As Can Hang points out in his response, the inequality does not hold in general. Thanks to his comment to my own post, I stand corrected and claim the inequality is valid at least for the case
$$
a_1b_1+xa_2b_2\ge0
\qquad(*)
$$
(and this seems to be a necessary condition as well).

Let me do some standard things. First let
$$
a_1=\frac{1-u^2}{1+u^2}, \quad
a_2=\frac{2u}{1+u^2}, \quad
b_1=\frac{1-v^2}{1+v^2}, \quad
b_2=\frac{2v}{1+v^2}
$$
where $uv\ge0$.
Substitution reduces the inequality to the following one:
$$
((1-u^2)(1-v^2)+4xuv)^2
\le\biggl(\frac{(uv+1)^2-x(u-v)^2}{(uv+1)^2+x(u-v)^2}\biggr)^2
((1-u^2)^2+4xu^2)((1-v^2)^2+4xv^2).
\qquad{(1)}
$$
Now introduce the notation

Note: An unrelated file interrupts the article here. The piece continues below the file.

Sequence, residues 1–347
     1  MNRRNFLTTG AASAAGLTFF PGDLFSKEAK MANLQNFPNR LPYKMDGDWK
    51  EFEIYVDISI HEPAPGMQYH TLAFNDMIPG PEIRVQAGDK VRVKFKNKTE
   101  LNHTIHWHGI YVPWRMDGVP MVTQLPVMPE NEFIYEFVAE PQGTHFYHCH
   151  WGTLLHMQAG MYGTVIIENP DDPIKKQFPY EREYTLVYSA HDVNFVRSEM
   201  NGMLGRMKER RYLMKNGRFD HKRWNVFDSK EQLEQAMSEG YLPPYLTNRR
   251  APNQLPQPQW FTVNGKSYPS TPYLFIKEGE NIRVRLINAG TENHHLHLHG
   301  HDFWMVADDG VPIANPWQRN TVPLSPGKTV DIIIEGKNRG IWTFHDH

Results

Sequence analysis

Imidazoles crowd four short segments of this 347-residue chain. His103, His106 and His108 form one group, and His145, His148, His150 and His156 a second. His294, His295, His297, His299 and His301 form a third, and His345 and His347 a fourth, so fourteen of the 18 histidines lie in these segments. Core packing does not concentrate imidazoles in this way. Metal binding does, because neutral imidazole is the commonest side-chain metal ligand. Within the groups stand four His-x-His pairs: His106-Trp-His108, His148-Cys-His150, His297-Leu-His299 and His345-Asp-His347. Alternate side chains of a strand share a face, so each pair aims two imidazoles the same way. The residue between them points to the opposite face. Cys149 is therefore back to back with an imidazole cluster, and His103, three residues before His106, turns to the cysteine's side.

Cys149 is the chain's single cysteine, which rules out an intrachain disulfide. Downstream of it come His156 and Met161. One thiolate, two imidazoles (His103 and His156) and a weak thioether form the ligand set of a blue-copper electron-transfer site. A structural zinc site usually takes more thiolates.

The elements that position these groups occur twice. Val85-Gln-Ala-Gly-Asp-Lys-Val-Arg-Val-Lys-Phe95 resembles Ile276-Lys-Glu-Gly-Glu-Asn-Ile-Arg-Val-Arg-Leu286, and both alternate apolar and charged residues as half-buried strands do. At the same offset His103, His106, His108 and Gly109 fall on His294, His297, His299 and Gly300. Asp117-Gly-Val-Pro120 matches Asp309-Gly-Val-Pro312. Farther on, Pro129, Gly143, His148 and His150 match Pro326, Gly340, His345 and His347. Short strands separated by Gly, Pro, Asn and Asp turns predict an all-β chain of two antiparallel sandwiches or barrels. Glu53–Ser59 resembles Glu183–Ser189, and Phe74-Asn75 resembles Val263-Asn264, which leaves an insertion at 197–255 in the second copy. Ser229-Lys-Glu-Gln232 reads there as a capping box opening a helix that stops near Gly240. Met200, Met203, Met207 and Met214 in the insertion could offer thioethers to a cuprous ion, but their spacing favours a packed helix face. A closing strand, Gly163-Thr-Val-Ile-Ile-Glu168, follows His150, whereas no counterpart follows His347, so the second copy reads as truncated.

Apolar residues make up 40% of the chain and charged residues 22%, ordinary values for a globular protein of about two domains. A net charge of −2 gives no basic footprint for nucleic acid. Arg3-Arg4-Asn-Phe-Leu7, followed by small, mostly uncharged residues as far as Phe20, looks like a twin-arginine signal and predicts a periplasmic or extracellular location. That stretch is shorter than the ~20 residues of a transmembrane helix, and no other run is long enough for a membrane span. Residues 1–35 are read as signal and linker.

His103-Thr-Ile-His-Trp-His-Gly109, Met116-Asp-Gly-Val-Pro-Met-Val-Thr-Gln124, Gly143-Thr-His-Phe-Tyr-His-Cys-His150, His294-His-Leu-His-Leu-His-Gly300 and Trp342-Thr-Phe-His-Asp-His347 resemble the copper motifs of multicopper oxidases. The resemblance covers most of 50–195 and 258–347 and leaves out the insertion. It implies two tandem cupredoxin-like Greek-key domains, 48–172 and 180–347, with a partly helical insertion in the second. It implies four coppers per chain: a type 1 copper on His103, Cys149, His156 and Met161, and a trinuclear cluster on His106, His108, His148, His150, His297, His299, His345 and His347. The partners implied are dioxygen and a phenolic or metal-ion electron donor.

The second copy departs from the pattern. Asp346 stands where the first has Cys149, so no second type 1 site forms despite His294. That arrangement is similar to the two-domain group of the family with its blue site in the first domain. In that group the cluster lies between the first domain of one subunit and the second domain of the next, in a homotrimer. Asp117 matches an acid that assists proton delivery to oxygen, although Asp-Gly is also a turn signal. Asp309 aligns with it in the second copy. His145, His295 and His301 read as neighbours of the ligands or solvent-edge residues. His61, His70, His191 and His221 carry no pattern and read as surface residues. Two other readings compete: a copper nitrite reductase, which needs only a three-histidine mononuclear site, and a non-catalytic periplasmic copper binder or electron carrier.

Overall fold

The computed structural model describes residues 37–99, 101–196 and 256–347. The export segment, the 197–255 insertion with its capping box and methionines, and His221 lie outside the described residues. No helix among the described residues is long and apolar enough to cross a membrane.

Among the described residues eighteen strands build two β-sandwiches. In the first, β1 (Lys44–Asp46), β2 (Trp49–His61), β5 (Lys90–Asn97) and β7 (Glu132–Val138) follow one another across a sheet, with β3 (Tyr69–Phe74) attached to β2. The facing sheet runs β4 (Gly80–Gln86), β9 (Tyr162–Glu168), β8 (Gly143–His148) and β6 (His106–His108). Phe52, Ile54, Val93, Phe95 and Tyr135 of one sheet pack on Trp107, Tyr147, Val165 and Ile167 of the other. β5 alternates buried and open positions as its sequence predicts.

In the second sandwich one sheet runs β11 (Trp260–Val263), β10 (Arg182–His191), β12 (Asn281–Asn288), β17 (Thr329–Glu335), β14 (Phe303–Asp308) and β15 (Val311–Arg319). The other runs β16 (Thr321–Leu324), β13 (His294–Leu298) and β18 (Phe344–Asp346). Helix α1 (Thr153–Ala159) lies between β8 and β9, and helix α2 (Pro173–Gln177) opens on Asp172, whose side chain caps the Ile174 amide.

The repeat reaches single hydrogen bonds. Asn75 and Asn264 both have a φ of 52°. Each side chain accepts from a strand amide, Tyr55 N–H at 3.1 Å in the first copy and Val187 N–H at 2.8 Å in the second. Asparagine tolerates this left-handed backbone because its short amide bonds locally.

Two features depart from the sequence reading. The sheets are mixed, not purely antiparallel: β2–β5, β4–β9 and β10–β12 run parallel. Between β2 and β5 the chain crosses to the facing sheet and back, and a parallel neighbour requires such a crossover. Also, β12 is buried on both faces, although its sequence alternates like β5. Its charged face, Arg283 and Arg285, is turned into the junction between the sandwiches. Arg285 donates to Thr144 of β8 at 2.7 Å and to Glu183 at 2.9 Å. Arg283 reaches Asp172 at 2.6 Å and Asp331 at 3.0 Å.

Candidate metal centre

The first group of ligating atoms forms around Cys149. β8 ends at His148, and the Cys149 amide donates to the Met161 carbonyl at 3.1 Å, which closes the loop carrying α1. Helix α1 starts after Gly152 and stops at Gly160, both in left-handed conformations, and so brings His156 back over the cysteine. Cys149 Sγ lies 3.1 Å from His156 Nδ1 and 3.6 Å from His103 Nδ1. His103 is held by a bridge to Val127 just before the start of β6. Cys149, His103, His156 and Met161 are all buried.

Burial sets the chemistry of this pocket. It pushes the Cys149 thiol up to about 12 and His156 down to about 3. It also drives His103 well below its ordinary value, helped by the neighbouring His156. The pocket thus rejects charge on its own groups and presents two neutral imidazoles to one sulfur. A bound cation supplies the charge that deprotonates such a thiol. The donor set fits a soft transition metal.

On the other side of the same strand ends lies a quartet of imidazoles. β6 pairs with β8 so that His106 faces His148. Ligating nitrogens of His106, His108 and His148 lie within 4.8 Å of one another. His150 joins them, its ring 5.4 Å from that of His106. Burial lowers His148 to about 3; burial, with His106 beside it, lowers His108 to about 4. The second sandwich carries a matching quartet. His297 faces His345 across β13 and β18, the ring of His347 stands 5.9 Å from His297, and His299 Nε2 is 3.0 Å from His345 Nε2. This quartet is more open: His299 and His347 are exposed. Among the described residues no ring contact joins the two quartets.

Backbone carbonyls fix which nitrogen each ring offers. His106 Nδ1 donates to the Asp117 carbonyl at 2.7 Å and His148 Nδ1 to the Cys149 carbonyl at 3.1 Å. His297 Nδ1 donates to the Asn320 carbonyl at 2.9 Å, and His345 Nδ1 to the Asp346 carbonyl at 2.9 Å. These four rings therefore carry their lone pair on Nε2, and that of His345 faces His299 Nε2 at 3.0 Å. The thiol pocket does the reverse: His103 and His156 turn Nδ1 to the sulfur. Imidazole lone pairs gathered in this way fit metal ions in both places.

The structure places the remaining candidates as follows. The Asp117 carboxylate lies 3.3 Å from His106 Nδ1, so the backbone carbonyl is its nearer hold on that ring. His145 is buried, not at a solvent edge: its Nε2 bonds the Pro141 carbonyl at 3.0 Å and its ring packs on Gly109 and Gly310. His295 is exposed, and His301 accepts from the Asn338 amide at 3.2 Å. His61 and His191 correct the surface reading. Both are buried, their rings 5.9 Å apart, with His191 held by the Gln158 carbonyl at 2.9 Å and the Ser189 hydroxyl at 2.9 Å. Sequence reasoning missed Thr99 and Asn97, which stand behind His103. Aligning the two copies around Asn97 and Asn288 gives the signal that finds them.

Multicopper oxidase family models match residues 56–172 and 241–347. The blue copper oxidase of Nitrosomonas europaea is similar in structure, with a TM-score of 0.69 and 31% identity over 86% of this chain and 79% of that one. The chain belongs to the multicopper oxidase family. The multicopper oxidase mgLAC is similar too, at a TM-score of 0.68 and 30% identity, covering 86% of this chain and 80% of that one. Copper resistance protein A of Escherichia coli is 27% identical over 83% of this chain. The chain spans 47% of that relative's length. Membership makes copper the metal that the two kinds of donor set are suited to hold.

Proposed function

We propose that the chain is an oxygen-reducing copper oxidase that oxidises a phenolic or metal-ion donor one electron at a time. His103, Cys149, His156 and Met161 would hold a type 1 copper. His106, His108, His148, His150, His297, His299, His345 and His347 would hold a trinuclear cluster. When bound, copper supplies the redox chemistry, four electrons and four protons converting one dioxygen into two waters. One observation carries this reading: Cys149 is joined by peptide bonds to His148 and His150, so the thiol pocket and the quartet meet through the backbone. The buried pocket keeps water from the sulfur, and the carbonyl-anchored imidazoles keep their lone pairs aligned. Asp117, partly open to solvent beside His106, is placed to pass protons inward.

$$
A=(1-u^2)(1-v^2)+4xuv, \quad
B=(uv+1)^2, \quad C=x(u-v)^2
$$
and note that $A,B,C$ are nonnegative; the inequality $A\ge0$ is equivalent to the above condition $(*)$. In addition,
$$
A\le B-C
\qquad{(2)}
$$
because
$$
B-C-A=(1-x)(u+v)^2\ge0.
$$
In the new notation the inequality (1) can be written more compact:
$$
A^2(B+C)^2\le(B-C)^2(A^2+4BC)
$$
which after straightforward reduction becomes
$$
A^2\le(B-C)^2,
$$
while the latter follows from (2).